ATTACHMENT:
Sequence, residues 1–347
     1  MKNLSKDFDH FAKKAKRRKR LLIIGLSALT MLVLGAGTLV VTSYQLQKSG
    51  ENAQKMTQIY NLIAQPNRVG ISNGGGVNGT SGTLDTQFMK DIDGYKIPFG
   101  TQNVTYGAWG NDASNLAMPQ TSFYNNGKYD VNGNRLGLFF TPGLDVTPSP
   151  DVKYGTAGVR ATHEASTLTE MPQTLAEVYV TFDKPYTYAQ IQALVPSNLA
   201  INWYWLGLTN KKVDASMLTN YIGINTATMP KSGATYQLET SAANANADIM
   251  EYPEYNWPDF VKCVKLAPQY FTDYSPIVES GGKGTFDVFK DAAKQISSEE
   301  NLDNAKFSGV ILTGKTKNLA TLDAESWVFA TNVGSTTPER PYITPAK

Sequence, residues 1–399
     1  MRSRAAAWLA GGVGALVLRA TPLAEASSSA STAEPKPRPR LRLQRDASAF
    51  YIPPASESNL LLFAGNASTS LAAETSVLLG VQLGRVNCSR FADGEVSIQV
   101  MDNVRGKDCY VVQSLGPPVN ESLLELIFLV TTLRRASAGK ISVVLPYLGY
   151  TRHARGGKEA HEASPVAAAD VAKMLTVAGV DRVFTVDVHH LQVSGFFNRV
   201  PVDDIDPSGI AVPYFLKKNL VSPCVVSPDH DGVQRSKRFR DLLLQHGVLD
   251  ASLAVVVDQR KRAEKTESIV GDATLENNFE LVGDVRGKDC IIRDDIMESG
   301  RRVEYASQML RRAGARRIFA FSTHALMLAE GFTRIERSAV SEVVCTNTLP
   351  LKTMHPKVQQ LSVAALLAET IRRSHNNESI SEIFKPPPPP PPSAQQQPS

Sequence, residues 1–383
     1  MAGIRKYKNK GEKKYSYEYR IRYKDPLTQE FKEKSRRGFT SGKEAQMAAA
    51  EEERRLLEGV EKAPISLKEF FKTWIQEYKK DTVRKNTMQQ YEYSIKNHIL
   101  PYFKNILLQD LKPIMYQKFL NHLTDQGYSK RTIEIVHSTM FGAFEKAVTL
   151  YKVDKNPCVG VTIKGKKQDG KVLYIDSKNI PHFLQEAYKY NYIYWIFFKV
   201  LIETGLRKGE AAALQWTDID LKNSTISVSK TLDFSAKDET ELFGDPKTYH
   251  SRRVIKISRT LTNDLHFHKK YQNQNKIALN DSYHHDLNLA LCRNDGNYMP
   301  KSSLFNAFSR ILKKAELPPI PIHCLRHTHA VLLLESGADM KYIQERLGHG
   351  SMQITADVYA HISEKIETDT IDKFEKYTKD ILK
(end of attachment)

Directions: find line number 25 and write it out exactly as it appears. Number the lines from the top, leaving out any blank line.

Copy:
   301  KSSLFNAFSR ILKKAELPPI PIHCLRHTHA VLLLESGADM KYIQERLGHG